Stone Clearance Heap (Rogem; Fig. 1:I). A large heap of fieldstones (14 × 18 m, height 5 m) was found. It contained stones that were cleared when the nearby area was prepared for cultivation. Apart from the walls that delimited the clearance heap no evidence of ancient construction was discerned.
Hewn Basin (Figs. 1:II; 2). An irregular shaped rock-hewn installation (L11; diam. 1.5 m, depth 1.4 m), which slightly widened on its western side toward the bottom, was excavated c. 7 m north of the stone clearance heap. Several trough-like rock-cuttings were hewn around the basin (Loci 15–18; length 1 m, width 0.5 m, depth 0.25 m). No signs of plaster were traced in the basin or the rock-cuttings, which were probably used to process agricultural produce or employed in some other domestic capacity.
Columbarium Cave (Figs. 1:III; 3, 4). A funnel-shaped cave (ceiling diam. 2.25 m, floor diam. 1.25 m, height 2 m), preserved in its entirety and hewn in relatively soft stratified bedrock, was discovered c. 60 m northeast of the stone clearance heap. The cave opening (L20; 0.8 × 0.8 m, depth 0.5 m) was a square shaft, hewn from surface to the center of the ceiling. A breaching from the side of the cliff probably occurred after the cave was abandoned.
Four levels of columbarium niches were hewn along all of the walls of the cave, in keeping with bedrock stratification, from a height of 0.4 m above the floor to the ceiling. Each level consisted of 15–17 niches (width 0.3 m, height 0.3 m, depth 0.25 m). Some of the niches in the upper level were connected together, forming a kind of shelf.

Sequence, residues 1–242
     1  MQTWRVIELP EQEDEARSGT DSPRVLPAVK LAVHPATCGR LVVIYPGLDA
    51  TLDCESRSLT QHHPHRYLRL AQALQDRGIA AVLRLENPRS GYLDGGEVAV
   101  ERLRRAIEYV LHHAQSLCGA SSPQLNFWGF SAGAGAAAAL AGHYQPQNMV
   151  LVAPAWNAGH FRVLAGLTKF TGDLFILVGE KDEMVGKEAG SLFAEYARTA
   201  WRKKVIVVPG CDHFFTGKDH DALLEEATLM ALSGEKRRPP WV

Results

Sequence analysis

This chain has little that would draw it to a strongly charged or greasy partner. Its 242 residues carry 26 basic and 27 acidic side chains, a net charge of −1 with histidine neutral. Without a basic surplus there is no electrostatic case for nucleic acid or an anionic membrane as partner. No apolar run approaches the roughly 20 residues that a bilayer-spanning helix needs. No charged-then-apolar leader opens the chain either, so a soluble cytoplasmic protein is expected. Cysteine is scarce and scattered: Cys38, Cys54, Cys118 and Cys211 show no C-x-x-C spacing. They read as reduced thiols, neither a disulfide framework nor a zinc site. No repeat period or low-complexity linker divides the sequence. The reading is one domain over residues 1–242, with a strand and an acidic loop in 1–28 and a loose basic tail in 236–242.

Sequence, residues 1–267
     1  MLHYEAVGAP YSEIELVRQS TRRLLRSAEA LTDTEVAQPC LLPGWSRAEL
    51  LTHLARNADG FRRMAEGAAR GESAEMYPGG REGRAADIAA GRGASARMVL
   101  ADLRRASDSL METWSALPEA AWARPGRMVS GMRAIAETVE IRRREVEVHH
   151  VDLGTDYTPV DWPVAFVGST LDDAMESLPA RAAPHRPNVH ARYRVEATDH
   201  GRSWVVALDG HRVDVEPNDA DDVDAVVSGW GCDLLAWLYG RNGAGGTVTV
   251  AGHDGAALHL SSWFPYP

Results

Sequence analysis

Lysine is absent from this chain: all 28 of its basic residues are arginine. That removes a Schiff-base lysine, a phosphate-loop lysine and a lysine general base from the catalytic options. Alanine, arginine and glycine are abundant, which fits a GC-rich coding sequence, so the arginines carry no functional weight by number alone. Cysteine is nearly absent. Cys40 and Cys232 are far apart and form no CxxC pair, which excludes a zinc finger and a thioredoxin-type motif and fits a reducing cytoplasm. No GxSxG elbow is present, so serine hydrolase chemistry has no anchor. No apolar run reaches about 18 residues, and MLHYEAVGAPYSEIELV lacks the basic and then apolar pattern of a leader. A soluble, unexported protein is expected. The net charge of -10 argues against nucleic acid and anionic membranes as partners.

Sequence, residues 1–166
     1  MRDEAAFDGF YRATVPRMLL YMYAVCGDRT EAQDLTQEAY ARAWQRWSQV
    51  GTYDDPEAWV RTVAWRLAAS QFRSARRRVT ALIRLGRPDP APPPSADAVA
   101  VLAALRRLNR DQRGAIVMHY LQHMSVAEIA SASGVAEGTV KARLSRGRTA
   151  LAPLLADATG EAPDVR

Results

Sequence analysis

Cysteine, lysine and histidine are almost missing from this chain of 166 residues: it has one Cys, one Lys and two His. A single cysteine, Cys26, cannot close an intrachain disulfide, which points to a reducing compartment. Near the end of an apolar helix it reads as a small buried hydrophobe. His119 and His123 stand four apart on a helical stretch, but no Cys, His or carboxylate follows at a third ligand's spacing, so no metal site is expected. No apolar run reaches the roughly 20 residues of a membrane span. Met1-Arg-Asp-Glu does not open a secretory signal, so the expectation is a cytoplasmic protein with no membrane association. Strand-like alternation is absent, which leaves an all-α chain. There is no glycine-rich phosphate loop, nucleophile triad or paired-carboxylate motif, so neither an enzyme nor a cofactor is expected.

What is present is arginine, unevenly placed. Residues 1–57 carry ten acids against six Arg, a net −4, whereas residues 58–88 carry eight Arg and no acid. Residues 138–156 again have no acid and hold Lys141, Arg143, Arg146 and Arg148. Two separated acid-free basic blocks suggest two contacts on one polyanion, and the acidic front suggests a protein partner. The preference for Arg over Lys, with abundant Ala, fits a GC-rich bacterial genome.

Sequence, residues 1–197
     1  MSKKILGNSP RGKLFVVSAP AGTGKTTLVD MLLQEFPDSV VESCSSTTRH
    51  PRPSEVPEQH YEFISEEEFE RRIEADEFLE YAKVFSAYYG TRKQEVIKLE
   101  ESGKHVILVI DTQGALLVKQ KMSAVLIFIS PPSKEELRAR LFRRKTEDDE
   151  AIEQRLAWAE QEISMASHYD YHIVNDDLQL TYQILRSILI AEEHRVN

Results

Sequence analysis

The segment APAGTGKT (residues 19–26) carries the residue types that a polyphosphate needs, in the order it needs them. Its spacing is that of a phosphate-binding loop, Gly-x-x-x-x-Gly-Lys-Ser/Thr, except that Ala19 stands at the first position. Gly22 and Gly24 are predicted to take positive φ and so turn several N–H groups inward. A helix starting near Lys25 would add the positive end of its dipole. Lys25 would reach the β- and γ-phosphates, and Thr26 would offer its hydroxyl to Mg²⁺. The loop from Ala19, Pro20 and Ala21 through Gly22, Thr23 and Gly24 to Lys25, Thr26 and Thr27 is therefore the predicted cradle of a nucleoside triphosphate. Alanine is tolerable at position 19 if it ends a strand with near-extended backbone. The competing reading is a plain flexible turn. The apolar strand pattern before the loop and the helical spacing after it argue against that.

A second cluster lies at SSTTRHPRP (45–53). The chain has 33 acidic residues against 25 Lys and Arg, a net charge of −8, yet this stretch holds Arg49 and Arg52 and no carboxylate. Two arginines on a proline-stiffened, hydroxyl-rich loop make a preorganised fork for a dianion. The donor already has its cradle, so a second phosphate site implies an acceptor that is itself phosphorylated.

Although no datable artifacts were found, the cave should probably be ascribed to the Hellenistic and Early Roman periods. Similar caves are known at sites around Jerusalem, as well as near this cave (A. Kloner, Survey of Jerusalem, The Southern Region, p. 142, Site 90; Survey of Jerusalem, The Northwestern Region, p. 31).
Rock-hewn Installation (Figs. 1:III; 3). A small section of a stone floor (L25) that abutted the wall of a rock-hewn installation was discovered below a fill of agricultural soil. A very small part of the installation (1 × 2 m), which precluded defining its nature, was excavated. The recovered pottery fragments included holemouth jars from Iron II (Fig. 5). The site should be regarded as part of Bet Lehem’s agricultural hinterland.
Watchman’s Booth and Storage Cave (Figs. 1:IV; 6). A rectangular building (4 × 5 m, max. height 1 m) was exposed c. 15 m south of the columbarium cave. The building was partitioned by a wall into two rooms and overlaid a natural cave (4.0 × 4.5 m, height 1.7 m). No datable artifacts were discovered. It seems the building and the cave were used to guard and store agricultural produce.